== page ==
Millions of youths between the ages of 18 and 21 might not be able to vote and be eligible to stand as candidates in the next general election despite the historic amendments to the Constitution two years ago.
HISTORY was created on July 17,2019, when a motion to amend the Federal Constitution was passed with 211 votes – by more than two-thirds of the majority in the 222-member Dewan Rakyat and with undivided support from both sides of the political divide.
The approval of the Constitution (Amendment) Act 2019, also known as Undi 18, was a momentous event in Malaysia’s democracy because far-reaching changes were made to the electoral system.
In a single stroke, Article 119 (1), Article 119 (4) and Article 47 and the Eighth Schedule were changed, enabling 18-year-olds to vote and be automatically registered as voters, as well as qualifying them to contest as candidates for Parliament or state assemblies.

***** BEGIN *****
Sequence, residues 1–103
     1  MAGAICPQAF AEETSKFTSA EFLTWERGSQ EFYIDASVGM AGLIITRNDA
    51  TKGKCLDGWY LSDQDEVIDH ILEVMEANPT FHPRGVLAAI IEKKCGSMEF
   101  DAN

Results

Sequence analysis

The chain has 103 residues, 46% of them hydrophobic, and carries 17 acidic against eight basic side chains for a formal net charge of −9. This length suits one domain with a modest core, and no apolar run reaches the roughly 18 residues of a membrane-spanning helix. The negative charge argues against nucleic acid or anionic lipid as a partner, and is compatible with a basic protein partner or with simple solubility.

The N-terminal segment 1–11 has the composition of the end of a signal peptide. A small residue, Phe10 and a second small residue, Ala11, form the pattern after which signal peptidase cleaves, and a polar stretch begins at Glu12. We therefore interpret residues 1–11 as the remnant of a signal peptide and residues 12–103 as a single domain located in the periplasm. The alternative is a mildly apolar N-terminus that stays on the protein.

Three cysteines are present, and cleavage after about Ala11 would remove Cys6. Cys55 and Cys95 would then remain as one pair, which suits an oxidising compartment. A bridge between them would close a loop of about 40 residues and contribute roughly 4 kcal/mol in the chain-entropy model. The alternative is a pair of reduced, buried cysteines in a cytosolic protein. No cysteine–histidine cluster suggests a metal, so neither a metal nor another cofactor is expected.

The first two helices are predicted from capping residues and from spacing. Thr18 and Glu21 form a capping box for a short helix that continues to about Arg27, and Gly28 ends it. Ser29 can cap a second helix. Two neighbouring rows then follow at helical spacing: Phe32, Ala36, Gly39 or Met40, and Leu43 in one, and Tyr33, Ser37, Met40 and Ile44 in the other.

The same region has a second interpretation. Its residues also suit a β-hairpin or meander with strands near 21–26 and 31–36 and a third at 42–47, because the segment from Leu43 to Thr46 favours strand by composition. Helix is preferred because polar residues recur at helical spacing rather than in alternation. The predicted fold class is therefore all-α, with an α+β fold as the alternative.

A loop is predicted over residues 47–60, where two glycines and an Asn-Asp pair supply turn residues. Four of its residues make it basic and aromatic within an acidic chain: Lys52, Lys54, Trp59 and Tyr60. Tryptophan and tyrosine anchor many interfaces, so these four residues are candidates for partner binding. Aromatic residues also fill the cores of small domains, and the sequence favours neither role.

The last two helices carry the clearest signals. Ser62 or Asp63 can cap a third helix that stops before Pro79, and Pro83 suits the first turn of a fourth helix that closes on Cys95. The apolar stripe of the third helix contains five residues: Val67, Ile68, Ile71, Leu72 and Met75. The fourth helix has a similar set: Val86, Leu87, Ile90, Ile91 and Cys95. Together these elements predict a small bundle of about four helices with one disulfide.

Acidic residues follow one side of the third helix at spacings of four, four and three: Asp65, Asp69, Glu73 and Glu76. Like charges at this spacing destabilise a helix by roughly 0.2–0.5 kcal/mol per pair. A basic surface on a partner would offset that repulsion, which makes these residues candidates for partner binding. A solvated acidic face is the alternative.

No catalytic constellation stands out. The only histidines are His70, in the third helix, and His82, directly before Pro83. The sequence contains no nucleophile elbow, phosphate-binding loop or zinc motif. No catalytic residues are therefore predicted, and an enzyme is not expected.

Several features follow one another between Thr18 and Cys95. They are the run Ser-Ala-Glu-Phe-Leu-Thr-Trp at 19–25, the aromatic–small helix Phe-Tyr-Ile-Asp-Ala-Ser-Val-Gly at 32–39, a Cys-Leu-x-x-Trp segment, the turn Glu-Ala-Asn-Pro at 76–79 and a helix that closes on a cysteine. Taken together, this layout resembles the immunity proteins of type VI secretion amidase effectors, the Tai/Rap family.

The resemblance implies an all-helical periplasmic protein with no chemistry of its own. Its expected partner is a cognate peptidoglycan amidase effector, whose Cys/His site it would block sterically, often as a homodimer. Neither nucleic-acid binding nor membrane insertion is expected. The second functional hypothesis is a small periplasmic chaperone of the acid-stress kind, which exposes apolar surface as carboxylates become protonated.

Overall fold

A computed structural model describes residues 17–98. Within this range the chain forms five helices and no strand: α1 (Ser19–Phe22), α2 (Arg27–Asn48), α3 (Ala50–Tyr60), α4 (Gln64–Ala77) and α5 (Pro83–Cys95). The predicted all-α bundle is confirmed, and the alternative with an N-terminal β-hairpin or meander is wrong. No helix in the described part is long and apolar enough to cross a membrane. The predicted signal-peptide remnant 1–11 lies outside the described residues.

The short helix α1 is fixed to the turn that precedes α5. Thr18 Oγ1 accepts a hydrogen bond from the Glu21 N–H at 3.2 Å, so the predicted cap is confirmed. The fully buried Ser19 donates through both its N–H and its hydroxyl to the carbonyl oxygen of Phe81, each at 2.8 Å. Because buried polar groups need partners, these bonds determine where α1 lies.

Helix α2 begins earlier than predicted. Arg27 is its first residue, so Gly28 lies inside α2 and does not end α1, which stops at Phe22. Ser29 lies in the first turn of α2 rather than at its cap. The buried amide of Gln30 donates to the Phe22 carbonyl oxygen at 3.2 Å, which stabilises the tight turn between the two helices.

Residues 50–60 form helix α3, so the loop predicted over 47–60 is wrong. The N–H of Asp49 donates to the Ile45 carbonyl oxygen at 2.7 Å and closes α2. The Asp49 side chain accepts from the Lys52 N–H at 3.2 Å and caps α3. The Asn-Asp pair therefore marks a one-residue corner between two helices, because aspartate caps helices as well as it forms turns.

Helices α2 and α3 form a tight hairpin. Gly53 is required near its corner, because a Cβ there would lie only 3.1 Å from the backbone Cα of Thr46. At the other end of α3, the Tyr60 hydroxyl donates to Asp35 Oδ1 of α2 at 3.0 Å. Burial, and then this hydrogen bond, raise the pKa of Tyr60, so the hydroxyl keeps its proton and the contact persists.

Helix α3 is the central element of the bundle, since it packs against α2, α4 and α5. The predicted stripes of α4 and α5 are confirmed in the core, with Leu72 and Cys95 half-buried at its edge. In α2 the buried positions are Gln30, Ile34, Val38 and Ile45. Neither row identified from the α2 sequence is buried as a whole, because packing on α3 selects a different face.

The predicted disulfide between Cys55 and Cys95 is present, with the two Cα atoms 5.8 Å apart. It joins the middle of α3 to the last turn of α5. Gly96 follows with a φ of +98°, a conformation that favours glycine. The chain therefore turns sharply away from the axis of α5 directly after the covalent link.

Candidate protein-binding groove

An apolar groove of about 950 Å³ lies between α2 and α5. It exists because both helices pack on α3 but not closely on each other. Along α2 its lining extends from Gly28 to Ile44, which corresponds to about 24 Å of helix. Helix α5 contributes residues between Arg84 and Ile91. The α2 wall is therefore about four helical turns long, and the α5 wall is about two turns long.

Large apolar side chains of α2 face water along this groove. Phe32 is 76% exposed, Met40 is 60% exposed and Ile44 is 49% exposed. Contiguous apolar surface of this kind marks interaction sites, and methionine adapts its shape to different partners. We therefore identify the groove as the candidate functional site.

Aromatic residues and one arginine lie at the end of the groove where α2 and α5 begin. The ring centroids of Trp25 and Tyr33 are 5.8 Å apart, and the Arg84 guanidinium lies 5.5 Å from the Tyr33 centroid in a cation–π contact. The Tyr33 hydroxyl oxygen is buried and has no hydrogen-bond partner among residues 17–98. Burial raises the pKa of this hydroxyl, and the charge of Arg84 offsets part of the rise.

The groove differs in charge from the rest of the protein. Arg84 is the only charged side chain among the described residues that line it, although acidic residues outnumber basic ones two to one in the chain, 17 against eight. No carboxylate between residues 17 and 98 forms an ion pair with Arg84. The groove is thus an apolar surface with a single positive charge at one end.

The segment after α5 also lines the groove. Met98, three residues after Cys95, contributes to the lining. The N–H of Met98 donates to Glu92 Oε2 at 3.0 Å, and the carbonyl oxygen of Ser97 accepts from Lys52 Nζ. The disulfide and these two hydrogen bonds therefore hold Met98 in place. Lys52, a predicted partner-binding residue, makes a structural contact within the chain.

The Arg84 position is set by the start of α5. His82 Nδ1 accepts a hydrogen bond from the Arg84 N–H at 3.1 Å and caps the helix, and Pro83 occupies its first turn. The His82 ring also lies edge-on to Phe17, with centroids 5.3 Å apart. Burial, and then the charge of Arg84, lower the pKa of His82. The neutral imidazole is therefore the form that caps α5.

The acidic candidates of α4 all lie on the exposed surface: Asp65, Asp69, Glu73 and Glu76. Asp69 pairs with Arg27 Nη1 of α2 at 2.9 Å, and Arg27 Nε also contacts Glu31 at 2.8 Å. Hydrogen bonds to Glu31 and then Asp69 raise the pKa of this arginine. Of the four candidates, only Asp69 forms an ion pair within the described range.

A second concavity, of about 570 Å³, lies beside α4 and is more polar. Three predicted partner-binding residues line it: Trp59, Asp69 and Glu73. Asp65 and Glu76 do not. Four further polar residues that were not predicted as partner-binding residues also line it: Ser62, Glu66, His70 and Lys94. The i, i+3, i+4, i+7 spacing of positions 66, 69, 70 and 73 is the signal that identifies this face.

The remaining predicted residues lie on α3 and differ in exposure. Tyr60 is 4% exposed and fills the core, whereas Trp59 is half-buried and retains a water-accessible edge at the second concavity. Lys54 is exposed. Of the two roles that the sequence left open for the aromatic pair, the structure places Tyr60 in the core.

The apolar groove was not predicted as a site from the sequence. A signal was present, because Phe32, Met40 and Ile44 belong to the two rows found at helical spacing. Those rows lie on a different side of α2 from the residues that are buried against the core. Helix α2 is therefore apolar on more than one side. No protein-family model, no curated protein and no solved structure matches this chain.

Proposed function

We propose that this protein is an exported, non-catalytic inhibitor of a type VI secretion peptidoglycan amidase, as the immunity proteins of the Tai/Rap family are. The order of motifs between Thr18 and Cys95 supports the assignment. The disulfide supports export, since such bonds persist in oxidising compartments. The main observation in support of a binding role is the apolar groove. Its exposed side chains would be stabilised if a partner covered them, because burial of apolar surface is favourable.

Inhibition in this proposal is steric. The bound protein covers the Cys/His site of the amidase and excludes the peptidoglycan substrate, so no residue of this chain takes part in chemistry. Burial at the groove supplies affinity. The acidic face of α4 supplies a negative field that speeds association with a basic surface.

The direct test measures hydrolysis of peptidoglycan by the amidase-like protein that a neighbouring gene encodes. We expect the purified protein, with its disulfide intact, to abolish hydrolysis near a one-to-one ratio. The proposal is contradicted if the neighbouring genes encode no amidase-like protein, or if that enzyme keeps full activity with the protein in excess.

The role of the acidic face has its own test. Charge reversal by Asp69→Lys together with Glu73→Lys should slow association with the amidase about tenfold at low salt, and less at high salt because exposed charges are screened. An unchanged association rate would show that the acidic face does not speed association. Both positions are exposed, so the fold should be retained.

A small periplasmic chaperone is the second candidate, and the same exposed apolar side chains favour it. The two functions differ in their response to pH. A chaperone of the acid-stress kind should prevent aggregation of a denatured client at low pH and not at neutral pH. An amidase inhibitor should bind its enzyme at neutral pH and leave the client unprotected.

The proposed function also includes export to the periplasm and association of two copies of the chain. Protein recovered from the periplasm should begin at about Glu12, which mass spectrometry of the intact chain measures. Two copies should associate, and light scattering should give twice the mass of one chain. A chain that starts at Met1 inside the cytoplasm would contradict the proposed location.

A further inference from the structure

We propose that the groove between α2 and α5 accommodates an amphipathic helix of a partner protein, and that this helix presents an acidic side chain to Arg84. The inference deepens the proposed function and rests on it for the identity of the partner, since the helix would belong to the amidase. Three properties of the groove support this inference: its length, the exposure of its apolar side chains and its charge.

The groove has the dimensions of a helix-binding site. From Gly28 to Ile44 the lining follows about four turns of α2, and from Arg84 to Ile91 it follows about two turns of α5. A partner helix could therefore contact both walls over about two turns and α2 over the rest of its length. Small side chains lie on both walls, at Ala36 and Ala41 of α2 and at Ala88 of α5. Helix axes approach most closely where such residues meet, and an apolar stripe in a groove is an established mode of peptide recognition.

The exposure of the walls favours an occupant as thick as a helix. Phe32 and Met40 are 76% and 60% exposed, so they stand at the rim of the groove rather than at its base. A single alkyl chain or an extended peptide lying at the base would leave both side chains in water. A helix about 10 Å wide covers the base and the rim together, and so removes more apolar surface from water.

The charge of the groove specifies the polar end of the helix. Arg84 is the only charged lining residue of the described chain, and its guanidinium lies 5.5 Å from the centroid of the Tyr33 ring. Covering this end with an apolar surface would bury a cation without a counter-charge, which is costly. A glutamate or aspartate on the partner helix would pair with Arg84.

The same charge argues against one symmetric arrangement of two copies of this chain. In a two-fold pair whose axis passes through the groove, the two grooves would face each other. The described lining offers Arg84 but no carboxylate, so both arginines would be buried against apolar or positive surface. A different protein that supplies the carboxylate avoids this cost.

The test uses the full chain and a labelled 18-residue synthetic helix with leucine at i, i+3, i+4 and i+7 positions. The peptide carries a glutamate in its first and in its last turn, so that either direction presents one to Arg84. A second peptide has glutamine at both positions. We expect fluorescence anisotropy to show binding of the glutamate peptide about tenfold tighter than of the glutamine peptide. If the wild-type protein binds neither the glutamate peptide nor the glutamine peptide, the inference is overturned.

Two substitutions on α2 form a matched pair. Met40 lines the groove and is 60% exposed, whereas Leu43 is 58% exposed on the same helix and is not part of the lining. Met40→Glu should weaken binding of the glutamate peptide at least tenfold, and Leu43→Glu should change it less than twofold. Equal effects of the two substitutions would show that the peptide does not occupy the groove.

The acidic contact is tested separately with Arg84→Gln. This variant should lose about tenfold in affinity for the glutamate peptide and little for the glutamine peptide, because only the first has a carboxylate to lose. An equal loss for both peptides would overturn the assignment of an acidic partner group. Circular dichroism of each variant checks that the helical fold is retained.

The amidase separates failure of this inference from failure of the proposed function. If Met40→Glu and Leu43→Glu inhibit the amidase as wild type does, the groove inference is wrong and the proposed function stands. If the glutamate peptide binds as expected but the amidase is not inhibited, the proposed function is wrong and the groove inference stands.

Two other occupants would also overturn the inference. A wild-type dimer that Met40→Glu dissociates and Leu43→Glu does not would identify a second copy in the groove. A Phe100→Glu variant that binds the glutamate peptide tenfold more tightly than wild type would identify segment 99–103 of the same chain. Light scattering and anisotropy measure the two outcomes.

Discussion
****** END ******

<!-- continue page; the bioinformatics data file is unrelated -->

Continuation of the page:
The Act was approved by the Dewan Negara on July 25,2019, and gazetted on Sept 10,2019, after receiving assent from the Yang di-Pertuan Agong.
The assumption was that up to 7.8 million young people between the ages of 18 and 21 would be able to vote and be eligible to stand for elections, with their inclusion in the electoral rolls.
And with the estimated 3.4 million people who were qualified but did not register as voters in GE14 in 2018, the number of voters is expected to increase by more than 50%, from 14.9 million in 2018 to 22.7 million by 2023, when the next general election is due to be held.
But over the past week, these assumptions have been called into question amid speculation that GE15 might be called earlier in spite of the Covid-19 pandemic.
In November 2020, Minister in the Prime Minister’s Department Datuk Takiyuddin Hassan, who is responsible for law and Parliament, said the changes under the amendments could be executed at the latest by July this year, adding that the Election Commission (EC) was working with the National Registration Department towards implementing them.